Finally, tenses -- in American English we've simplified it, more or less removing past perfect. For Poles, in modern, post-war Polish, the concept of perfect tenses don't exist as they have a separate set of verbs that denotes perfective actions

38 posted on 04/23/2012 12:20:56 AM PDT by Cronos (**Marriage is about commitment, cohabitation is about convenience.**)
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To: Cronos

Ever notice how some languages are pleasing to the ear and others are painful or annoying to listen to? I like the sound of dutch, portugese, and french. I dislike east asian languages and mexican spanish.


39 posted on 04/23/2012 9:14:37 AM PDT by mamelukesabre
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To: ClearCase_guy

Hast du gesehen in deine leben?

(All the Yiddish I know is from Mel Brooks movies)


40 posted on 04/23/2012 9:18:05 AM PDT by dfwgator (Don't wake up in a roadside ditch. Get rid of Romney.)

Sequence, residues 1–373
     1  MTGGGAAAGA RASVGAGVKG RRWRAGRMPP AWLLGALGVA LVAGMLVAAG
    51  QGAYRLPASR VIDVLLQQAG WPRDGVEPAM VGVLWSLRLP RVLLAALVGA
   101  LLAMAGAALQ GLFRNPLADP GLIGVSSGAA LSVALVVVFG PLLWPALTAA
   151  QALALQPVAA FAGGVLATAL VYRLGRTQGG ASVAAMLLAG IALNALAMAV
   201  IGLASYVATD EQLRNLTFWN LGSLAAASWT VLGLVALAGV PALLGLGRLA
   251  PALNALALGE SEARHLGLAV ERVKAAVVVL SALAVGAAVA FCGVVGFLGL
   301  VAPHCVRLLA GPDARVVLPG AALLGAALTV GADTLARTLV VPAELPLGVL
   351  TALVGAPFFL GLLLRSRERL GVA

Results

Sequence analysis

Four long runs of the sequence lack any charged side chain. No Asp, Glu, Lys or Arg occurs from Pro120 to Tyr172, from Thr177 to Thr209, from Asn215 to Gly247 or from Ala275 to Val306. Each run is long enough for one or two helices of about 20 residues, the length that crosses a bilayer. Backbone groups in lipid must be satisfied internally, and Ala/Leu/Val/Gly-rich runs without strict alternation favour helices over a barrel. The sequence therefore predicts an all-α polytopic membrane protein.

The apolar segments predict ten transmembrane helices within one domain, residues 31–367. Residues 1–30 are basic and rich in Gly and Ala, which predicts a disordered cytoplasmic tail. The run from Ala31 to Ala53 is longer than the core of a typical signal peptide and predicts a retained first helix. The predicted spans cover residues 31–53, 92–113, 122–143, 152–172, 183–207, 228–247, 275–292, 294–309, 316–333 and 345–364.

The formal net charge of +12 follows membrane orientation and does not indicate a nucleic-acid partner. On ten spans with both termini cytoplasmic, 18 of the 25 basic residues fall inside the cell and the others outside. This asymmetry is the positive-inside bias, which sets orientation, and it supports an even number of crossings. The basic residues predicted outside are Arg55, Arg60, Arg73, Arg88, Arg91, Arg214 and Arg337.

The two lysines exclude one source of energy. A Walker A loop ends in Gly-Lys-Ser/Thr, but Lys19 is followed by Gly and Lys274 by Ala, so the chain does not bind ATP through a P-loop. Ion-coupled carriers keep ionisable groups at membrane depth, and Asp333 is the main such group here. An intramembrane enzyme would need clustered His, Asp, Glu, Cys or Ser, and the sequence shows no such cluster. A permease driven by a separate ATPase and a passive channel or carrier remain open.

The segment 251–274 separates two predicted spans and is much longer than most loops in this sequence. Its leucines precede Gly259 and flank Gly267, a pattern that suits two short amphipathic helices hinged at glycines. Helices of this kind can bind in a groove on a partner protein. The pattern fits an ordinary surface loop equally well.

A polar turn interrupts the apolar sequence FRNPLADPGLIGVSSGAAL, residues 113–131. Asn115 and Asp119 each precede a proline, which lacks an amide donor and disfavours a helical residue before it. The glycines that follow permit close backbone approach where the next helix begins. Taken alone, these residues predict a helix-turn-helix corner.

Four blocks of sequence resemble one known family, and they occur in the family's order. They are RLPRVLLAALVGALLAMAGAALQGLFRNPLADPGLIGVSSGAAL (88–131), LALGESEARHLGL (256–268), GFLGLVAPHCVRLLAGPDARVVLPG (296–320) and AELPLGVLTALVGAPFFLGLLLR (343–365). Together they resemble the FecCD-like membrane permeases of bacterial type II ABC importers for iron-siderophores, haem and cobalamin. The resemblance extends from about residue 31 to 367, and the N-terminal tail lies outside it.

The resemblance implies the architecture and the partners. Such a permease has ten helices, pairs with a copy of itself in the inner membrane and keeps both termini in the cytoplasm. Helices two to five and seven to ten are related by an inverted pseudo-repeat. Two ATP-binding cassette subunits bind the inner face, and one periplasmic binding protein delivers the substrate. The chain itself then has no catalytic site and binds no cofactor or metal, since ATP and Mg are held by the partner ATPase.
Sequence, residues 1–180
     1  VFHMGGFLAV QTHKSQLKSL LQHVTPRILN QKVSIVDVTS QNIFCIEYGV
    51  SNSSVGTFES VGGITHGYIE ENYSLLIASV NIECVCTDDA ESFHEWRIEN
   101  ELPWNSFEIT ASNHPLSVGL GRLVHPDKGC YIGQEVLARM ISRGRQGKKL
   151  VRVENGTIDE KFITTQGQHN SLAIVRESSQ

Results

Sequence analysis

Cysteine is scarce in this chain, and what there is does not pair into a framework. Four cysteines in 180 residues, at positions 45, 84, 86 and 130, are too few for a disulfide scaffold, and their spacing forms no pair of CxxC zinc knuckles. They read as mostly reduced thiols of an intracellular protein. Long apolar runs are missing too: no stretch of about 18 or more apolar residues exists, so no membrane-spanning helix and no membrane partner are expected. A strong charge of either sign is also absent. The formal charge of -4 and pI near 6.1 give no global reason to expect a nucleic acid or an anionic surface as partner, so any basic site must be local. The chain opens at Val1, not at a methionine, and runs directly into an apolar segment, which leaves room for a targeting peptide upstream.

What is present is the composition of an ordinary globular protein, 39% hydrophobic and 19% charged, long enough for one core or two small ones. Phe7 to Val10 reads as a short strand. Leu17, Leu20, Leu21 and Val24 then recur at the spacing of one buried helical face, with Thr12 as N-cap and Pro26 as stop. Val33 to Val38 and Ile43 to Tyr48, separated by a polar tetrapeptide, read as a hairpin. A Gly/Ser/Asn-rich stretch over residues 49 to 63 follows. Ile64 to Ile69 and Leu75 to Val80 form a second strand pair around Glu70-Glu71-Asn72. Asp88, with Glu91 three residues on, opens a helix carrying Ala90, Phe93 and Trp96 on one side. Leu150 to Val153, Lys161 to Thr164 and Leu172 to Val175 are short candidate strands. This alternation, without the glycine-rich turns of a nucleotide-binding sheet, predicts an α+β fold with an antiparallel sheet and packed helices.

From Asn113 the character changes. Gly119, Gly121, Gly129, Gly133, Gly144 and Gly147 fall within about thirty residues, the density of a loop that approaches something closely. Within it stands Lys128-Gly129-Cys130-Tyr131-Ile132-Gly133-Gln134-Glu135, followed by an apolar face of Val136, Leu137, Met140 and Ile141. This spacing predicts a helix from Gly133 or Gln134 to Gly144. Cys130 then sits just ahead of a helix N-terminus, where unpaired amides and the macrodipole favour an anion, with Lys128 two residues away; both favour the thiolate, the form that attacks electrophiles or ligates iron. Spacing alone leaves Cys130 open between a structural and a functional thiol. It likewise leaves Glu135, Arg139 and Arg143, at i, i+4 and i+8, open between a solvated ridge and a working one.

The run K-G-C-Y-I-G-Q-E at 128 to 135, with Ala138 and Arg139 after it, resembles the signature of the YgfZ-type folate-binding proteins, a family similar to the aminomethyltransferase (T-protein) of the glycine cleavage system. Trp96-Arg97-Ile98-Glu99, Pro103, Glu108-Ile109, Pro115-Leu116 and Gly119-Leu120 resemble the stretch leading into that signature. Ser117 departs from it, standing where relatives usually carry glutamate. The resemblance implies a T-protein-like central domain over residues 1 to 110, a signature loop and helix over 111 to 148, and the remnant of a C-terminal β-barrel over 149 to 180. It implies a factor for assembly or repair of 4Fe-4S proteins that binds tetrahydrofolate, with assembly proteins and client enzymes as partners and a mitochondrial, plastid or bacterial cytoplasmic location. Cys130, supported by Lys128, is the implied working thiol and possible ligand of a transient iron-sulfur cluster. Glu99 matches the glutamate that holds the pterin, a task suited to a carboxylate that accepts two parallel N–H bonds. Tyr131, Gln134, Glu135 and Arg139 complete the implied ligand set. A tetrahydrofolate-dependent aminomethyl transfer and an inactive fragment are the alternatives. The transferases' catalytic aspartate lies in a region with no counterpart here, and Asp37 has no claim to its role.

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To: Cronos

I am very partial to the Polish language, I listen to a lot of Polish music, I find it even more sexy when a woman sings in Polish than even in French. I think somebody once stated that Polish is “Russian with a French accent”.


41 posted on 04/23/2012 9:20:34 AM PDT by dfwgator (Don't wake up in a roadside ditch. Get rid of Romney.)
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To: mamelukesabre

true, I dislike the sound of German.<p


42 posted on 04/23/2012 12:38:10 PM PDT by Cronos (**Marriage is about commitment, cohabitation is about convenience.**)
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To: Cronos
I know a little German......he's sitting over there.


43 posted on 04/23/2012 12:39:42 PM PDT by dfwgator (Don't wake up in a roadside ditch. Get rid of Romney.)
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To: dfwgator
Kasia Kowalska

Dorota Miśkiewicz

44 posted on 04/23/2012 1:12:03 PM PDT by Cronos (**Marriage is about commitment, cohabitation is about convenience.**)
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To: Cronos

I’m not real thrilled with it myself. I would call it odd sounding but not quite annoying.


45 posted on 04/23/2012 1:12:45 PM PDT by mamelukesabre